Changes to the Condominium Act: A Guide to the New Condominium Guide

Post by Annie Bailey

Effective January 1, 2021, the Condominium Act, 1998 (the “Act”) will be amended to require condominium developers to provide potential purchasers of pre-construction and newly-built condominium units with a “Condominium Guide.”

If you are a developer or a potential purchaser of a pre-construction or newly-built residential condominium unit, this new Condo Guide is very important for you. For others, including those who currently own a condominium unit, are purchasing a unit in an existing condominium, or work in the condominium industry, the Condo Guide is a valuable educational resource.

The purpose of the Condo Guide is to provide potential purchasers of condominium units with reader-friendly, understandable information on the process and risks of buying a pre-construction or newly-built condominium unit, as stated by Ontario’s Ministry of Government and Consumer Services. The Condo Guide will assist these potential purchasers with making informed decisions about their purchase. Some of the topics covered include:

  1. Condominium corporations;
  2. Buying a pre-construction unit (including delayed occupancy and interim occupancy);
  3. Warranty coverage with Tarion;
  4. Governing documents and why you should read them;
  5. Condominium living (including owner rights and obligations);
  6. Common elements and common expenses; and
  7. Condominium governance, finances, and management.

The Condo Guide was prepared by the Condominium Authority of Ontario (the “CAO”) and approved by the Minister of Government and Consumer Services. This process ensures that all potential purchasers will receive a copy of the same government-reviewed information. You can access the Condo Guide here:

The Act gives the Minister (and by extension, the CAO) discretion to create different versions of the Condo Guide that apply in different circumstances and to different types of condominiums. The version of the Condo Guide that has been released so far applies only to residential condominiums. So if you are purchasing a commercial condominium unit, this Condo Guide does not directly apply to you. However, the general information in the Condo Guide may still be useful for commercial condominium unit owners. We may also see different versions of the Condo Guide released in the future.

The Condo Guide is an additional document that developers (or those acting on behalf of a developer) must deliver to potential purchasers along with the already-required Disclosure Statement when potential purchasers sign an Agreement of Purchase and Sale for pre-construction or newly-built condominium units. Regulations under the Act have not yet been released specifying how the Condo Guide must be delivered, so for now, it is likely best for developers to deliver it in the same manner in which they already deliver the Disclosure Statement.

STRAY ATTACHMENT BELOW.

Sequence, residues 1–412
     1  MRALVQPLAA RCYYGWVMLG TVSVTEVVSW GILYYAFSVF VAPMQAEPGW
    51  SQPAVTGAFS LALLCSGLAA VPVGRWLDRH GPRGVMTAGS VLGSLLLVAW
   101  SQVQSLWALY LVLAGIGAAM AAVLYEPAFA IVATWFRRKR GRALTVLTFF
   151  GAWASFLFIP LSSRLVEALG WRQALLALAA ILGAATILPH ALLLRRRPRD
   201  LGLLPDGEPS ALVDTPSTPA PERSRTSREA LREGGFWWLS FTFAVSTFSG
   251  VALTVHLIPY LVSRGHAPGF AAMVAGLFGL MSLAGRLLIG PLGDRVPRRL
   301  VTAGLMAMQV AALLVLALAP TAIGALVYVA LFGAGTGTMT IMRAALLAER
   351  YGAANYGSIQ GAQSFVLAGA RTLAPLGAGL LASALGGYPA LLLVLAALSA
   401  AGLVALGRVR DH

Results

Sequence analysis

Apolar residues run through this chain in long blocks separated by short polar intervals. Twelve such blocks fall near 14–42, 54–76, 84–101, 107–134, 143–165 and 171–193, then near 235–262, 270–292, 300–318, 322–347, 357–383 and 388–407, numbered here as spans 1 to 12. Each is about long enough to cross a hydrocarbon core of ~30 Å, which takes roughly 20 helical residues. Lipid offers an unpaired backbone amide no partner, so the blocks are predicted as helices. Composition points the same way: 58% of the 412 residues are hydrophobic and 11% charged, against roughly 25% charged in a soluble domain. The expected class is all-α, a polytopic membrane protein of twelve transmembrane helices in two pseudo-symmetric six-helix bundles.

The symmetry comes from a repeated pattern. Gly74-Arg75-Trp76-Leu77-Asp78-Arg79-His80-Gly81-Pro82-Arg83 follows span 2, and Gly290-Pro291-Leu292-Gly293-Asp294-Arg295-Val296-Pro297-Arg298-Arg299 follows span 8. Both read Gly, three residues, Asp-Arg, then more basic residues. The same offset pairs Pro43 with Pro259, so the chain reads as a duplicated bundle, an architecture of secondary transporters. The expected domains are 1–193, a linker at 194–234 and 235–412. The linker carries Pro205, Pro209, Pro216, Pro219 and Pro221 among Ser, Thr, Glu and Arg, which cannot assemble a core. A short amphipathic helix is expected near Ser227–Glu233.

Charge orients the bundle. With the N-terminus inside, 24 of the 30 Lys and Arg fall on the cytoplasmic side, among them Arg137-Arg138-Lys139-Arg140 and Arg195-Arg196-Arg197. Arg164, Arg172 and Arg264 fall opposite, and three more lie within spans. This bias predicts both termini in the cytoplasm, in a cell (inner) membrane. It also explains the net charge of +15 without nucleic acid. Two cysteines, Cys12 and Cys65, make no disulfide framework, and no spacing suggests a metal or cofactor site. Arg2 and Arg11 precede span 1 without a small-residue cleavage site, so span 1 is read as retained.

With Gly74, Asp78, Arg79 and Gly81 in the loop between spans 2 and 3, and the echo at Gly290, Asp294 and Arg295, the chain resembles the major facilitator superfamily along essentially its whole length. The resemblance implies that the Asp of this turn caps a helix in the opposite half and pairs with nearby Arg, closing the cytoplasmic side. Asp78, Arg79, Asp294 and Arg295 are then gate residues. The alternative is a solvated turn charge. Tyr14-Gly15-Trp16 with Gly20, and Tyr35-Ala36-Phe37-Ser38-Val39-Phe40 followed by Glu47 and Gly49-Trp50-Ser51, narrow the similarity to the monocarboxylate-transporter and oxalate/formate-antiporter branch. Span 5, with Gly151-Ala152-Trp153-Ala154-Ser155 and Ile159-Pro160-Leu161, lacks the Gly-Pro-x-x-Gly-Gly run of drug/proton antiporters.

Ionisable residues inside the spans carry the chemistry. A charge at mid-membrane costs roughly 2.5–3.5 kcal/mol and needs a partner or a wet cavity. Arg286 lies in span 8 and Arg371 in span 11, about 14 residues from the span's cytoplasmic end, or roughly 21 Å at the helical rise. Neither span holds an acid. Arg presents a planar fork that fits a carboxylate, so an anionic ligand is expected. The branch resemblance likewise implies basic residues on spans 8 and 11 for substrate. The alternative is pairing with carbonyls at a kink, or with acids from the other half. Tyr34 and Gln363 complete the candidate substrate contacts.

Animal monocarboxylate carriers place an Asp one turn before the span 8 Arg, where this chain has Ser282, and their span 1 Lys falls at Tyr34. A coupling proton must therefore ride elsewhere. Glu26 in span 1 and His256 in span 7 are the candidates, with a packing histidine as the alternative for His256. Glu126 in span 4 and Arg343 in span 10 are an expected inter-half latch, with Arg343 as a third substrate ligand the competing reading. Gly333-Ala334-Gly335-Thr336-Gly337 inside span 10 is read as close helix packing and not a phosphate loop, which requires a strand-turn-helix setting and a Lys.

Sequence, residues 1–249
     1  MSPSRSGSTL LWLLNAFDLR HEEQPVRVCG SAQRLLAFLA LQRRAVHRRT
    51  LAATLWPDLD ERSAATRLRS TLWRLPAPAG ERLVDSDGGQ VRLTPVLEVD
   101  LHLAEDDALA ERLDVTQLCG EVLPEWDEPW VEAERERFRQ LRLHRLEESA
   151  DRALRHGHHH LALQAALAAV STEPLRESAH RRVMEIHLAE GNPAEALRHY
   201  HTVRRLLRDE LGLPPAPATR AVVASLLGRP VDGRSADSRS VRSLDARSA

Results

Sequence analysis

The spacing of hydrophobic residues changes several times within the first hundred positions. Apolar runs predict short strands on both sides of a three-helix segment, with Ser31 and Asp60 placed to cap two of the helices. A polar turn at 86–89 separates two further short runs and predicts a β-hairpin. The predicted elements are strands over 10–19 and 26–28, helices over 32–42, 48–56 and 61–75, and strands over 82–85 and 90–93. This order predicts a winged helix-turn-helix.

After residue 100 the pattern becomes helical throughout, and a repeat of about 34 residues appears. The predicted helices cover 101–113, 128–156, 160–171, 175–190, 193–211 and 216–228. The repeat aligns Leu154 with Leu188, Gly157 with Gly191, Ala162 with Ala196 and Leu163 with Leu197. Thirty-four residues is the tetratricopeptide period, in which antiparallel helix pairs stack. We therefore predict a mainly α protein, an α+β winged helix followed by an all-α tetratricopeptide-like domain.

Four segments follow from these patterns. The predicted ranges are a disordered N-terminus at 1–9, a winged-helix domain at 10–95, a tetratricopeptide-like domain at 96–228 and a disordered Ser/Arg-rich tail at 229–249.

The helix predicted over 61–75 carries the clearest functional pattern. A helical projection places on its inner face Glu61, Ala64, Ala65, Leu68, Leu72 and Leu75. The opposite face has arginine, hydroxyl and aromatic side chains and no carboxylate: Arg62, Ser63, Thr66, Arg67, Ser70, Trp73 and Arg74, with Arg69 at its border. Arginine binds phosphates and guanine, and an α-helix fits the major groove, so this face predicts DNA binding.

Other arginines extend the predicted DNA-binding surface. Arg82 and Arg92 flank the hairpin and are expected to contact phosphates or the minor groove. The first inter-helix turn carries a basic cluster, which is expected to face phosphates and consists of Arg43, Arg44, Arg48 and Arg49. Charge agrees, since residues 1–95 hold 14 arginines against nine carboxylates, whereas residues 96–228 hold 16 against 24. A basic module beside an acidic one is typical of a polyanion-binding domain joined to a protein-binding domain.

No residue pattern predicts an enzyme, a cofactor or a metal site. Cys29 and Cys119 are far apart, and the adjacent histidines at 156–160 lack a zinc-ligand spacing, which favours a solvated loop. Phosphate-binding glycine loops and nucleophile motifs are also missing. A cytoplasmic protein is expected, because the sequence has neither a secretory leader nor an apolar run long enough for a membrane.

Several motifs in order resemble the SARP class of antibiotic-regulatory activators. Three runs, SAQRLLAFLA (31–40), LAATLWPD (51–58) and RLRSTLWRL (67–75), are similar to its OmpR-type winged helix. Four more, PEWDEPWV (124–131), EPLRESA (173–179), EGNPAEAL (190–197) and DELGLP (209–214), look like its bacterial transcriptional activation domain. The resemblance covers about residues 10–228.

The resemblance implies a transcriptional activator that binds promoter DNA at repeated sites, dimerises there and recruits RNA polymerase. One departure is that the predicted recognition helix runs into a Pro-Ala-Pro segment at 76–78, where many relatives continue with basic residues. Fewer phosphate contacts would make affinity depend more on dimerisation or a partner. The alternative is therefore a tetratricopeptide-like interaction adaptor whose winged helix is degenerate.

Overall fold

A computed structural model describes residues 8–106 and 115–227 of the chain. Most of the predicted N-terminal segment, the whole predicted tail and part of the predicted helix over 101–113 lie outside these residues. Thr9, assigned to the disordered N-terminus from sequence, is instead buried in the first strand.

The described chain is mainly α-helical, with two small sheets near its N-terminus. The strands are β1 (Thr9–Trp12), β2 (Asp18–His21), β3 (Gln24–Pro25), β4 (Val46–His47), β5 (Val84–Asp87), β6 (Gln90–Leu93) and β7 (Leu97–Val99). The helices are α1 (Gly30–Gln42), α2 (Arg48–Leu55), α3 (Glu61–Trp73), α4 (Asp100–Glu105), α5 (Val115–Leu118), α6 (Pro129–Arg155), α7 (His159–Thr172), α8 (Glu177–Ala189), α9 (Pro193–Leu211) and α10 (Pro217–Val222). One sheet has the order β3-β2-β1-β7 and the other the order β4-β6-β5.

After receiving the Condo Guide, Disclosure Statement, and fully signed Agreement of Purchase and Sale, potential purchasers have 10 days to review the documents (ideally with their lawyer) and to decide if they wish to proceed with their purchase. This is known as the “10-day cooling off period,” and potential purchasers may rescind their Agreement of Purchase and Sale by written notice within this timeframe if they so desire. While the “10-day cooling off period” is not new, the requirement to include the Condo Guide is new.

Developers, please speak to your lawyers about these upcoming amendments to ensure you are providing proper disclosure to your purchasers after January 1, 2021. You must provide the Condo Guide to all new residential purchasers entering Agreements of Purchase and Sale in the new year, even for projects that went to market before January 1, 2021.

Purchasers, you can expect to receive this Condo Guide if you purchase a pre-construction or newly-built residential condominium unit in the new year.

Due Diligence and the Land Titles Registry

Post by: Evan Holt

3 principles underlie the Land Titles Registry:

  • the curtain principle, which stands for the proposition that it is unnecessary to examine the history of previous dealings with the land;
  • the mirror principle, which stands for the proposition that the Register is an exact reflection of the current state of title; and
  • the insurance principle, which stands for the proposition that the government guarantees the accuracy of the Registry and compensates those that suffer a loss as a result of inaccuracy.

The recent 2015 Ontario Superior Court of Justice decision, CIBC Mortgages Inc. v Computershare Trust Co. of Canada (the “Case”), appears to have altered the duties of mortgagees and purchasers in the Land Titles Registry with respect to the underlying principles.


In the Case, Computershare Trust Co. of Canada (Computershare), the first mortgagee, was granted a mortgage against the property by the owner of the subject property. The owner then acted fraudulently to discharge Computershare’s mortgage which gave the owner title to the property free of any encumbrances. CIBC Mortgages Inc. (CIBC), the second mortgagee, was then granted a mortgage on the property by the owner/fraudster believing that CIBC’s mortgage was a first priority mortgage on the property. Additionally, Secure Capital MIC Inc. (Secure Capital), the third mortgagee, was granted a mortgage to the property believing Secure Capital’s mortgage was a second priority mortgage.